Artificial stone benchtops are all the rage. But a lot of tradies don’t realise how dangerous the dust from them can be.
Artificial stone benchtops are all the rage. But a lot of tradies don’t realise how dangerous the dust from them can be. Supplied

The building trend hurting our tradies

AN IMMEDIATE ban has been issued on a common building practice after dozens of new cases of the disease silicosis.

Recent cases of tradies contracting the life-threatening lung disease prompted the Queensland government to announce an immediate ban on dry-cutting artificial stone benchtops.

More than 20 new cases have been reported in the past three weeks alone - including six terminal cases. 

The disease made headlines earlier this year when Shine Lawyers called for doctors to ask young men about their day jobs because of the alarming spike in cases. 

Stemming from the coal miners Black Lung inquiry, the government has also been looking at silicosis risks, and has identified stonemasons dry cutting stone bench tops as being at serious risk of the irreversible condition, which is contracted by breathing in tiny particles of silica dust that settle in the lungs.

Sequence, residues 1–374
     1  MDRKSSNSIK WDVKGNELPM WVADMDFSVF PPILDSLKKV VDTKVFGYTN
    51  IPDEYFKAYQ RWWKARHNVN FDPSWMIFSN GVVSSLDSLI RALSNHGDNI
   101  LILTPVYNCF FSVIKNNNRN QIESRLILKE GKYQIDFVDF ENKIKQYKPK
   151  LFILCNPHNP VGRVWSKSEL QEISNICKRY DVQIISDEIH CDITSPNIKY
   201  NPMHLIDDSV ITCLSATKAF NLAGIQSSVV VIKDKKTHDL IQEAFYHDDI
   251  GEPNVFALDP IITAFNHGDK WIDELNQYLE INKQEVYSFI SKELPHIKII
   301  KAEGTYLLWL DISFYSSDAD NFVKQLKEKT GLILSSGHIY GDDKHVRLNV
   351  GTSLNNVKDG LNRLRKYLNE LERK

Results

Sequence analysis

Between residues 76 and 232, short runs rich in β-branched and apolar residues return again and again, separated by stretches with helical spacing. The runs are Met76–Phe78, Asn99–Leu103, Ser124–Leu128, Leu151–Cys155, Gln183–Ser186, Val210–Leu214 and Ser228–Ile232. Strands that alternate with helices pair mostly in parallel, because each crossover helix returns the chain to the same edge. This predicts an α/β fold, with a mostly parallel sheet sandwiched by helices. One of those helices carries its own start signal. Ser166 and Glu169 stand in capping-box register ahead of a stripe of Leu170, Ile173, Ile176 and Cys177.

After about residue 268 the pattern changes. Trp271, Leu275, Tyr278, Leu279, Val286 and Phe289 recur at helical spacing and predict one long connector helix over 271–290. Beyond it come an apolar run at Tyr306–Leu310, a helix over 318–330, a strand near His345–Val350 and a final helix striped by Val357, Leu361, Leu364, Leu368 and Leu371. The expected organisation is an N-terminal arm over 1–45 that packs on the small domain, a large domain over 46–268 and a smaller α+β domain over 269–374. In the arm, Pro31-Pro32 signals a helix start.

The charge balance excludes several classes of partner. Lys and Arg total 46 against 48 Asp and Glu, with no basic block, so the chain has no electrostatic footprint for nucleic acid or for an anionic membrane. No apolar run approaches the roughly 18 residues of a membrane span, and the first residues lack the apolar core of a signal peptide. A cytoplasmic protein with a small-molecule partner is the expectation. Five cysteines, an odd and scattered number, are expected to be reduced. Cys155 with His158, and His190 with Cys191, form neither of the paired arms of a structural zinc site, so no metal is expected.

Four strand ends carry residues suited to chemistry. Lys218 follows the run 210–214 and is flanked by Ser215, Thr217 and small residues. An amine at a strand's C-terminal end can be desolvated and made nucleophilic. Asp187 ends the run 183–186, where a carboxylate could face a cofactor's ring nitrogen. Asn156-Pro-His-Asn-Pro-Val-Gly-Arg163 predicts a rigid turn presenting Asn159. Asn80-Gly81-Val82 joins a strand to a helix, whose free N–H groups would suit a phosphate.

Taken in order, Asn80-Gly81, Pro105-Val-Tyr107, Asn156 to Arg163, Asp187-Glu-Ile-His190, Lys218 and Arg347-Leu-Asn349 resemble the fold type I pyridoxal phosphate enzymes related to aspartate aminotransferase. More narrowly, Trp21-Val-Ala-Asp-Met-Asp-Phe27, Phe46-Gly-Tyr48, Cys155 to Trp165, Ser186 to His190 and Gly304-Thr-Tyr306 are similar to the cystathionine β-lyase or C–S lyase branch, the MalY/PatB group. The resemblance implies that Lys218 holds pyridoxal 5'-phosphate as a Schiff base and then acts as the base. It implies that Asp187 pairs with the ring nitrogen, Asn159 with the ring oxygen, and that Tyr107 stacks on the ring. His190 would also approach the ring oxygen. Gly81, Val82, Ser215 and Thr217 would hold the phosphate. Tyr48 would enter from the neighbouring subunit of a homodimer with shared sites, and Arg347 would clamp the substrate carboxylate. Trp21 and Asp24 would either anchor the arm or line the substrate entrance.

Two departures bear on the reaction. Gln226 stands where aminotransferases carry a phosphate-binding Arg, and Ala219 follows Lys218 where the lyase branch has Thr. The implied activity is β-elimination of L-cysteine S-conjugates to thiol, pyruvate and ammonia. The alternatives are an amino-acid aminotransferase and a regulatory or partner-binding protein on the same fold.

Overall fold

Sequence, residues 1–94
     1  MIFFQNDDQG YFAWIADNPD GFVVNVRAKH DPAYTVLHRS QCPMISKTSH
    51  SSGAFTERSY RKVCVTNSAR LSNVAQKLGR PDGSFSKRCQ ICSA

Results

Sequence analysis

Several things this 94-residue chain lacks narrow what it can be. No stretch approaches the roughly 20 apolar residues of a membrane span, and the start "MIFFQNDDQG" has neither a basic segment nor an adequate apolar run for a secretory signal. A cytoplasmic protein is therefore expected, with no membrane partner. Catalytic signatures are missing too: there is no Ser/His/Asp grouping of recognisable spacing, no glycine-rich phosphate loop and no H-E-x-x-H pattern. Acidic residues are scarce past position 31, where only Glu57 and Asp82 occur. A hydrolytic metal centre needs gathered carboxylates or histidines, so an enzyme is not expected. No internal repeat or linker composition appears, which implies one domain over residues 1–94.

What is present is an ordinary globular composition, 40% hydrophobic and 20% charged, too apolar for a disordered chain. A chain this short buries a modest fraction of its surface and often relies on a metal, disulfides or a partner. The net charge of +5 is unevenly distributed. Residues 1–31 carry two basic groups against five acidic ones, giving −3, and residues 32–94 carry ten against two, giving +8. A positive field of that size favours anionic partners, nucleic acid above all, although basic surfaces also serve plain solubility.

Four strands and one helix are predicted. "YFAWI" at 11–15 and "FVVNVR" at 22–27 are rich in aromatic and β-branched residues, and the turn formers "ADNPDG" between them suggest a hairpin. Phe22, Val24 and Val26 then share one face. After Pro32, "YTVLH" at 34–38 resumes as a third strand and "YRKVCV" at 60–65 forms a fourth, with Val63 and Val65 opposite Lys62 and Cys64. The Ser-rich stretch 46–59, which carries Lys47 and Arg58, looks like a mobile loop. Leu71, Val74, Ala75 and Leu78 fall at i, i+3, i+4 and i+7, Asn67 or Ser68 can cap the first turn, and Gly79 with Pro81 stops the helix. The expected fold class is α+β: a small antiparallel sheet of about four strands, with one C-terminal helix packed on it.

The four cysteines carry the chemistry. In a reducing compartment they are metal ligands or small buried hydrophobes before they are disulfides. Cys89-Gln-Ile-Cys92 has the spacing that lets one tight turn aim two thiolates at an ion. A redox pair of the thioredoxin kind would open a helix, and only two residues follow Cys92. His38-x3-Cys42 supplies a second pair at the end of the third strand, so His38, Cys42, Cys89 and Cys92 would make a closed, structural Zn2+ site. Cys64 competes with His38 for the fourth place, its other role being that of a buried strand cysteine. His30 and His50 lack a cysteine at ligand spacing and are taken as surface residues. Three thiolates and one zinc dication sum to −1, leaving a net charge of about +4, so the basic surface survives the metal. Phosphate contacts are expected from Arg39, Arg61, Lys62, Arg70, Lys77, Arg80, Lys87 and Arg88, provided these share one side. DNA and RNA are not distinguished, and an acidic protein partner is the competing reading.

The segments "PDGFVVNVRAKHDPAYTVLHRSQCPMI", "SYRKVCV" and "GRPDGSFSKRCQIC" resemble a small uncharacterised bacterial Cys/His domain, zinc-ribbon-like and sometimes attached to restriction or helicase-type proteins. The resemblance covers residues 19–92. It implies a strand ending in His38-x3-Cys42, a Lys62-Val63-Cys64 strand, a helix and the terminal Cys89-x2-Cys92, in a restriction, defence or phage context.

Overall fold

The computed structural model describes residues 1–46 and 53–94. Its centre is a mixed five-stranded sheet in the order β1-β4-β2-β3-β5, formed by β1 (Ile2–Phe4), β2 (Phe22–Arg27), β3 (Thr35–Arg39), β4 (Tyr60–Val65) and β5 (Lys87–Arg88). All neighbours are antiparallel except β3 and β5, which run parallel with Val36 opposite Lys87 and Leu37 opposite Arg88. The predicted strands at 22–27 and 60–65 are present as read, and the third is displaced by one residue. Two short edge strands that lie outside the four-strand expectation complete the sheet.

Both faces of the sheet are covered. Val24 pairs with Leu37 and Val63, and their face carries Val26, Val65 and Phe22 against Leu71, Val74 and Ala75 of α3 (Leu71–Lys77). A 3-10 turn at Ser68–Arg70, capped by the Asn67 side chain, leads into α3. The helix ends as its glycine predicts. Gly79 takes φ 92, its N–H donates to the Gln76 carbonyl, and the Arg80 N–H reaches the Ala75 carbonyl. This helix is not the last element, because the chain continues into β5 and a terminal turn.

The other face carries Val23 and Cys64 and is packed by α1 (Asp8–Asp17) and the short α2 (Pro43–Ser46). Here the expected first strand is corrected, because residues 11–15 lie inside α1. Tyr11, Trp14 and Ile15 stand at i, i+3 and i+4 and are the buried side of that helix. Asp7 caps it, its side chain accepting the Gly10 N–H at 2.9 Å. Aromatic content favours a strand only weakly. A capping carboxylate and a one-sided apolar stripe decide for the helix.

RELATED: Question doctors must ask tradies

Industrial Relations Minister Grace Grace on Tuesday announced dry cutting was now banned following an investigation of 10 workplaces by Workplace Health and Safety.

"The audit uncovered extremely poor work practices - including uncontrolled dry cutting, inadequate ventilation and a lack of personal protection equipment such as respiratory masks," Ms Grace said.

"From this week, there will be 22 specially trained inspectors on the ground conducting audits, with the remaining 150 manufacturers to be audited by the end of the year."

‘I want to make sure no one else has to go through this,’ said Gold Coast stonemason Andrew White.
Andrew White is a Gold Coast stonemason who went public with his diagnosis, urging other tradies to protect themselves.

An urgent safety warning has been issued regarding dry stone-cutting, with the government to develop regulations to explicitly ban the practice.

Engineered stone is becoming more common as a cheaper substitute to marble benchtops, but is made of around 90 per cent crystalline silica, which is one of the major causes of silicosis.

The artificial stone is considered safe if it is only cut when wet.

Ms Grace said WorkCover Queensland had received 26 compensation claims for workers with silicosis; 22 in the last three weeks.

She said that was only in Queensland, and would write to her federal counterpart Kelly O'Dwyer to urge the federal government to expand the ban nationally.